Though it sounds counterintuitive, relaxation can be an anxiety trigger for some people.

In theory, we all understand that relaxation is an important part of life and that “all work and no play” is a recipe for mental health disaster. But for some people, the act of relaxing isn’t so straightforward. In fact, under some circumstances, it can even induce anxiety.

There are many causes of relaxation-induced anxiety (RIA), a little-known but very real condition.

Many effective treatments are available for those who experience RIA, but understanding the link between these two very different states is an important part of the process.

Relaxation-induced anxiety is defined by an increase in physical and psychological symptoms of anxiety experienced while a person is attempting to relax.

It’s known as a paradoxical syndrome, meaning that it involves an apparent contradiction — naturally, you’d expect that making an effort to relax should lower anxiety.

Although it’s not a diagnosis recognized in the Diagnostic and Statistical Manual of Mental Disorders, 5th edition, text revision (DSM-5-TR), RIA has been discussed in medical literature since the 1980s.

According to a 2012 study, some experts estimate that around 15% of people have experienced RIA.

RIA doesn’t mean you can’t relax at all. A typical presentation might look like this: you start making an effort to relax and enter a parasympathetic state, which is sometimes known as the body’s “rest and digest” response.

After a little while in this state, your heart rate and breathing start to increase, your muscles tense up, and with those physical symptoms comes a feeling of anxiety.

Relaxation-induced anxiety hasn’t been widely studied, but there are a few different theories about what can cause it.

If you have a strong need for control, you may find it difficult to relax because you associate relaxation with a loss of control.

On the other hand, you associate stress and hypervigilance – being highly alert to perceived threats – with safety. As a result, trying to “let go” feels uncomfortable and can trigger anxiety.

Research from 2018 indicates people who live with generalized anxiety disorder (GAD) seem to be more susceptible to RIA.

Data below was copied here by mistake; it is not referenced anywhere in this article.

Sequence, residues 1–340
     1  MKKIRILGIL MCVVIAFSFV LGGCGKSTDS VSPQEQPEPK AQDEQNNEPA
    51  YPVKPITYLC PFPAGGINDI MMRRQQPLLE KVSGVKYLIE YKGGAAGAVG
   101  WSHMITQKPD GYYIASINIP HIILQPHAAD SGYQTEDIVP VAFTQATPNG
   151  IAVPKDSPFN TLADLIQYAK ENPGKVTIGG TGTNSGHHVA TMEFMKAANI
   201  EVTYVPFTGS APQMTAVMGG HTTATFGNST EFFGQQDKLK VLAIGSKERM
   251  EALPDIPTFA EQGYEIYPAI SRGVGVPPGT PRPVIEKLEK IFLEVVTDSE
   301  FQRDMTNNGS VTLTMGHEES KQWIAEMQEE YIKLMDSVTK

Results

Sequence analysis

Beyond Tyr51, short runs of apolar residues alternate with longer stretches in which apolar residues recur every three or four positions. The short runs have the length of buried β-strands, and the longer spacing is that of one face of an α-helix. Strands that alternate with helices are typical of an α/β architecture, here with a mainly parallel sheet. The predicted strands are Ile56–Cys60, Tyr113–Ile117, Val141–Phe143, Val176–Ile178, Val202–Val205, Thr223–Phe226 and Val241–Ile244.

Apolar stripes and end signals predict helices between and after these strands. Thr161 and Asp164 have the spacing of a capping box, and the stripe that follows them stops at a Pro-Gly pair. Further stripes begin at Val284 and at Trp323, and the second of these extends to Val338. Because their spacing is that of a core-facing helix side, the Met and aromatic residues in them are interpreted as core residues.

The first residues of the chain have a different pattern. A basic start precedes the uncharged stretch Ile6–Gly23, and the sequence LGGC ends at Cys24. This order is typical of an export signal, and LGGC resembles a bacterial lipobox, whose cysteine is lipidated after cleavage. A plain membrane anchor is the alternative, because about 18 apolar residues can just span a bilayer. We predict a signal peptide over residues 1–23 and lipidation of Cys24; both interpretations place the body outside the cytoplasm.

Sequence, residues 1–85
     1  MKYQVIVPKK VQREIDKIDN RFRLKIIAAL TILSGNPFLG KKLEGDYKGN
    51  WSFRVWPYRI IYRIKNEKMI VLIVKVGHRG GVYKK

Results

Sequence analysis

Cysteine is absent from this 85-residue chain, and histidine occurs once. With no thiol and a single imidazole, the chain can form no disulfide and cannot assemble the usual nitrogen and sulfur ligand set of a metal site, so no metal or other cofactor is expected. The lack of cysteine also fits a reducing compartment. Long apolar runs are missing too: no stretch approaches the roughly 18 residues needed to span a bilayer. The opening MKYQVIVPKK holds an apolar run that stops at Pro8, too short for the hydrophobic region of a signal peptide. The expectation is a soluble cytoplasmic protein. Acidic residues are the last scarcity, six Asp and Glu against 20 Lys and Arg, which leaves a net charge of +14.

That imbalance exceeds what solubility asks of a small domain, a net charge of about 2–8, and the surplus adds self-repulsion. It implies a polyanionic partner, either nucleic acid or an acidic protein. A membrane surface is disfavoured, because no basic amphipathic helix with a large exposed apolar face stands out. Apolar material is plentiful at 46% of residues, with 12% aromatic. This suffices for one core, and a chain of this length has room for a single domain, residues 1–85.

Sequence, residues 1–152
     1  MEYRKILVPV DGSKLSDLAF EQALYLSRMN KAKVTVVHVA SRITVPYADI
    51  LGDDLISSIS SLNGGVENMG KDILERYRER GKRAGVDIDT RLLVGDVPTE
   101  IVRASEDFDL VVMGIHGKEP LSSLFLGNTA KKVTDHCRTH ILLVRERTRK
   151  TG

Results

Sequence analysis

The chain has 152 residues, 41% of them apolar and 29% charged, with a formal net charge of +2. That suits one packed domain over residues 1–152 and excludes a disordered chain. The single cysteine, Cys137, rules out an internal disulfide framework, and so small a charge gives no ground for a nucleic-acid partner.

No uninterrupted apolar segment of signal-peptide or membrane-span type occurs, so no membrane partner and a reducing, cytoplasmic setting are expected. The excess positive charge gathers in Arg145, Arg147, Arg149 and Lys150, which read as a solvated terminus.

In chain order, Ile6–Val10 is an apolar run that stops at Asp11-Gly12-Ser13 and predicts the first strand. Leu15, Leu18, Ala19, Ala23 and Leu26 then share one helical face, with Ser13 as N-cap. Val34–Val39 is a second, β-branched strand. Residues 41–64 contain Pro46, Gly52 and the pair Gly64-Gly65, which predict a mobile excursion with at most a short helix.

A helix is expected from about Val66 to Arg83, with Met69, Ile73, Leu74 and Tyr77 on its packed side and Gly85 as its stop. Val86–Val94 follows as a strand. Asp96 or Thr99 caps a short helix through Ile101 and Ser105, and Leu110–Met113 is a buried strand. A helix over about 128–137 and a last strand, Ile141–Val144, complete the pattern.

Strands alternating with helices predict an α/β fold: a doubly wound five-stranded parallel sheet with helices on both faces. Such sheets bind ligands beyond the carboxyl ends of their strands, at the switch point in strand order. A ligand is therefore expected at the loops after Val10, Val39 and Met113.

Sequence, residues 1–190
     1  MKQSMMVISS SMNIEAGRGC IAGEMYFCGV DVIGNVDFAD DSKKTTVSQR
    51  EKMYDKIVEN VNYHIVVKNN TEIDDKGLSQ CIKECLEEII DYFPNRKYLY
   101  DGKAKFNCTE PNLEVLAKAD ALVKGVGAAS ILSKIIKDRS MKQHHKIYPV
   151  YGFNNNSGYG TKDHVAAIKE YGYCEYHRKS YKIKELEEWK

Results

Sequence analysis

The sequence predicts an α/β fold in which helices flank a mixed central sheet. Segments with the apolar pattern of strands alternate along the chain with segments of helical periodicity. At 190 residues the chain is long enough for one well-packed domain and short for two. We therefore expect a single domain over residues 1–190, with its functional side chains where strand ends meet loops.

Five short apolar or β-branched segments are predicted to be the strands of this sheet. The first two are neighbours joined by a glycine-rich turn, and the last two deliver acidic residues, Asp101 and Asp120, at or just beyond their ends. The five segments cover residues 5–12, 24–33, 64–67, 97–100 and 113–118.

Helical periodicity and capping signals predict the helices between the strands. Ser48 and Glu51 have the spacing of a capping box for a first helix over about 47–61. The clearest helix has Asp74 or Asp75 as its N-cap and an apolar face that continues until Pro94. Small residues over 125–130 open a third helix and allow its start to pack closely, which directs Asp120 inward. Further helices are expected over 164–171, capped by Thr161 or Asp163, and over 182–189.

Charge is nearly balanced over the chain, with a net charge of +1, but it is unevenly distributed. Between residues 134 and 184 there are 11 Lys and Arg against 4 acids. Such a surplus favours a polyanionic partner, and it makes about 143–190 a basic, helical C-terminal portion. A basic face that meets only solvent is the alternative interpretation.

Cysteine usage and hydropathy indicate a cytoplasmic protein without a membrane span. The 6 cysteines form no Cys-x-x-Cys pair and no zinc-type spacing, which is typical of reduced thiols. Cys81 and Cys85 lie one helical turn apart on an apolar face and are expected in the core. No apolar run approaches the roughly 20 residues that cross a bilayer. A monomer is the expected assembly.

According to a theory known as the contrast avoidance model, this is because an anxious person may use worrying as a way to avoid confronting other negative emotions.

A 2019 study showed a significant link between contrast avoidance and RIA. Researchers theorized that constant worrying becomes a protective behavior for some people with anxiety, allowing them to avoid coping with strong shifts in emotions.

In other words, if you’re always stressed out and mentally preparing for the worst, you believe you can avoid being blindsided when something bad happens. It’s impossible to be fully relaxed while also bracing yourself for danger.

So, if worrying and hypervigilance make you feel safe, then trying to relax can have the opposite effect.

Because relaxation-induced anxiety isn’t a diagnosis in itself, research into treatments is limited. But if you often find yourself experiencing anxiety when you’re just trying to chill out, some techniques can help.

The first step is becoming aware of your anxiety as it’s happening. It may present as some combination of physical symptoms, such as:

  • an increased heart rate
  • butterflies in your stomach
  • dizziness

As well as psychological symptoms, like racing thoughts and an overwhelming feeling of worry.

If you notice that you consistently get anxious when you engage in a particular behavior, it’s useful to take note. Specific triggers may tell you something about the root of your anxiety.

Relaxation techniques that require you to sit still, such as meditation or deep breathing exercises, may be especially difficult for people with RIA.

Alternatively, you could focus on exercises that promote relaxation through physical activity like:

  • yoga
  • swimming
  • walking

Focusing on your body and surroundings, rather than the act of relaxing in itself, can reduce the likelihood of your anxiety being triggered.

It’s been theorized that exposure therapy may be helpful for RIA. Typically used for post-traumatic stress disorder (PTSD), therapists use exposure therapy to help a person overcome fears.

It involves gradually exposing the person to the fearful stimulus in a safe and controlled environment.

If you’re interested in trying exposure therapy, it’s essential to ensure that you do so under the care of a trained therapist or physician.

Relaxation-induced anxiety can be a confusing and frustrating condition. Many traditional treatments may worsen RIA, and because it seems self-contradictory, you may be tempted to downplay your symptoms or attribute them to something else.

But “I have to relax” is a thought just like any other, and if you find yourself stressed about trying to de-stress, you’re far from alone.

Sometimes, just becoming aware of the relationship between relaxation and anxiety can be enough to break the pattern.

In other cases, you may benefit from distracting yourself by trying a relaxing physical activity or exploring your anxious thoughts through therapy.

Remember that your body has a natural, innate ability to relax and recharge; by working through your feelings, you can rediscover it.